migrantvoice
Speaking for Ourselves

'We deserve to live, even if we are migrants'

'We deserve to live, even if we are migrants'

MV

 Migrant Voice -
 Migrant Voice - 'We deserve to live, even if we are migrants'

A few weeks ago, we visited The Voice of Domestic Workers, an education and support group for migrant domestic workers in the UK. Many of the women there struggle to access the healthcare they are entitled to. (You can read our editorial on this issue here.)

We were there with two representatives of Doctors of the World to help some of the women understand their healthcare rights and provide training in writing blogs and making videos to tell their stories.

Here is some of what they wrote:

 

I’m undocumented but I’m human too.

I arrived here in the UK in 2013 and started working as a housekeeper/nanny. In 2017, I felt pain on my neck so I searched online for a private clinic because I am scared of my legal status here. I went to a walk-in centre and they charged me £200 to see a doctor, who just gave me some antibiotics. Then a “friend” of mine asked me if I wanted to be registered with a GP and she said I have to pay her £300 but I never saw her again! My last resort was to get a private GP which we all know costs a lot of money.

Thankfully I met a friend who is a member of The Voice of Domestic Workers and they helped me a lot to find a GP, through the help of Doctors of the World.

Now I have full access to the GP and they are treating me. Thank you The Voice of Domestic Workers and the Doctors of the World for your help!

I think there should be equality: whether the person is documented or undocumented, she should be treated the same.

If healthcare staff had proper training about people’s status, the inequality issue would be eliminated.

We are human, we all have rights!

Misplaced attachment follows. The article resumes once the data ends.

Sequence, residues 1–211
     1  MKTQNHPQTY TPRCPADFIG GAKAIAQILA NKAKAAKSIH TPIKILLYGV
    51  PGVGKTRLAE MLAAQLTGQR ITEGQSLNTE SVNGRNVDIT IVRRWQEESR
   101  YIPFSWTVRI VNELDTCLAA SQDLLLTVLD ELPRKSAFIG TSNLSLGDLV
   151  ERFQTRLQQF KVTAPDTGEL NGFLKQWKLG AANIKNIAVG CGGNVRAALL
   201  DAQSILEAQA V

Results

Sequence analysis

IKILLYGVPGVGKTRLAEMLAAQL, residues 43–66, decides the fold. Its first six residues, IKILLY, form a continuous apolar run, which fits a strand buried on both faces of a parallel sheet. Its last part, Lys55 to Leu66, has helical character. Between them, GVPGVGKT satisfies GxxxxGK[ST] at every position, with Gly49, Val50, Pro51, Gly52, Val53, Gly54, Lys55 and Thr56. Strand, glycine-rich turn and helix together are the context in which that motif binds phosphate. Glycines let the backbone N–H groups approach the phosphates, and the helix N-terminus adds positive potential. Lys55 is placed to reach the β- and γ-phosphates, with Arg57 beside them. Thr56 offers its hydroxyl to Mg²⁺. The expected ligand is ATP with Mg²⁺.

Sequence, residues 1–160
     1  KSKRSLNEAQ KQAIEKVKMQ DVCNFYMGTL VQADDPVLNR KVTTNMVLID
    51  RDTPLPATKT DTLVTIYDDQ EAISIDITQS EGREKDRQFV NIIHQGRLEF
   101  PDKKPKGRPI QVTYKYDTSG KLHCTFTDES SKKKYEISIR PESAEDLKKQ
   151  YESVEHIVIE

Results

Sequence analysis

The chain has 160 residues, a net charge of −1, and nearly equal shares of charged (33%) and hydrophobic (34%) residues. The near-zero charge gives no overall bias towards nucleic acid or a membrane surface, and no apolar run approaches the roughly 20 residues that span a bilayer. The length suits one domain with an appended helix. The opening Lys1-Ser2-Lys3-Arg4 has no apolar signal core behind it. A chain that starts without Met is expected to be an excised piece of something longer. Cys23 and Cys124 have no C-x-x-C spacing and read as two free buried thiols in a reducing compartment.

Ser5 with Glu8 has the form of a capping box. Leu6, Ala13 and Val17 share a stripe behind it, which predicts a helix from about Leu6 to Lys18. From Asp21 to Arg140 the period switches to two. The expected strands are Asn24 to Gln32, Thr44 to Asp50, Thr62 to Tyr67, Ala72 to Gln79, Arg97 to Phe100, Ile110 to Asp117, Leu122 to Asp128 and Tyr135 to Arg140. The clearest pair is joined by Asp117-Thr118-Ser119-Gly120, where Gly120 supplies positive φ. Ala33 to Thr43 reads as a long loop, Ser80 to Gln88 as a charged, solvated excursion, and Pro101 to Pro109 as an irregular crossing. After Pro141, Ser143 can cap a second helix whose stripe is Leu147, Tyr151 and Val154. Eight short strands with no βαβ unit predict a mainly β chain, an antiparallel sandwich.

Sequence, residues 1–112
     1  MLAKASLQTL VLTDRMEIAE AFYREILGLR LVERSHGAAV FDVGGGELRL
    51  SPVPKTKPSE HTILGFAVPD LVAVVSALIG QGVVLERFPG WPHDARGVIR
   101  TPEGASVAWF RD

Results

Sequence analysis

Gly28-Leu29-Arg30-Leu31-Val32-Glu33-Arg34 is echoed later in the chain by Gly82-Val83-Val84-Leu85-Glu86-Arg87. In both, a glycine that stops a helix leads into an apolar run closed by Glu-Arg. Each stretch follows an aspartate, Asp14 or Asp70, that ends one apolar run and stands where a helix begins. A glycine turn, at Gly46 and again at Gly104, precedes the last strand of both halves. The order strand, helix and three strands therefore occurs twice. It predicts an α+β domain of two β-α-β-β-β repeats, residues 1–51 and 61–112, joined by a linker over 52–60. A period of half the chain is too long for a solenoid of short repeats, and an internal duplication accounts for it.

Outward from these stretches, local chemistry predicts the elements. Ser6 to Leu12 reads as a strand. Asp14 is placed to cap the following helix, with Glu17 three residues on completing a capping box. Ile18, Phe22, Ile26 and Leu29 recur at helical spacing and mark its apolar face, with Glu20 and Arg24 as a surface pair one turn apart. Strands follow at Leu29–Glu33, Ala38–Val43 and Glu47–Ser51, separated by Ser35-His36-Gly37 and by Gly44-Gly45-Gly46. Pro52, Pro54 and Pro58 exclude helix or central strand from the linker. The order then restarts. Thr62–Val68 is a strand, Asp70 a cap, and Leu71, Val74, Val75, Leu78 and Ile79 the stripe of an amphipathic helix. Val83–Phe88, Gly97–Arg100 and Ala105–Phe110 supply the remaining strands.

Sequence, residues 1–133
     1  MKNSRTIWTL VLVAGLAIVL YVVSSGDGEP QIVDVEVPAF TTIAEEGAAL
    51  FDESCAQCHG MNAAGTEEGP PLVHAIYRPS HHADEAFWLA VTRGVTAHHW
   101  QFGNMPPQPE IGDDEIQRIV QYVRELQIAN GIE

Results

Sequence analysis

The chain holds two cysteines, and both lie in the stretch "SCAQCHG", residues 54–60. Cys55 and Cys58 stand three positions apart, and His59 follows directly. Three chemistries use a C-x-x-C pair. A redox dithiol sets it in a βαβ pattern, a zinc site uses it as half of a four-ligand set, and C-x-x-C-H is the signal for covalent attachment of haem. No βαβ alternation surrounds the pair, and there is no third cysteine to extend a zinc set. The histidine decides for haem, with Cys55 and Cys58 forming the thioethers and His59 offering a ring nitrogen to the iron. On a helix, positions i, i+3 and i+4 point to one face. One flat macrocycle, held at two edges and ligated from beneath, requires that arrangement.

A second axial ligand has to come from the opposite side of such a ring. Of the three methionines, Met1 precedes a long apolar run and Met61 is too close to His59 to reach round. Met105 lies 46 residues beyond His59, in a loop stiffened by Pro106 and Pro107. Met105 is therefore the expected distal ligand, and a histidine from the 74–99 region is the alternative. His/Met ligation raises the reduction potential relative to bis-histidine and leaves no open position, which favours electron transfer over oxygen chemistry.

Yasmin

 

Accessing GPs is a big problem for migrant domestic workers. Being undocumented and vulnerable in this country means it’s very hard to access our rights.

Many of us have had abusive employers, we have struggled, we are traumatised and trapped in the dark.

I need to call the attention of the UK government, the doctors, and the GP receptionists to tell them that we are also human and we have the right to be treated when we are sick.

To the GP receptionists, please do not ask a lot of requirements of us when you know that we are undocumented.

We deserve to live, even if we are migrants.

Wendy

 

The first time I went to the clinic, I was refused and not treated properly, because of my nationality. I told the receptionist that I was in a lot of pain and couldn’t even straighten my back. But the receptionist only told me to book an appointment.

I asked why I need to book an appointment even though in my situation I need urgent or emergency treatment. Finally, after going there three times, I was finally treated. They found out I had a kidney stone.

I just want to say that the receptionists need to be properly trained and to help patients that need immediate assistance.

Precious

 

TOP IMAGE: Yasmin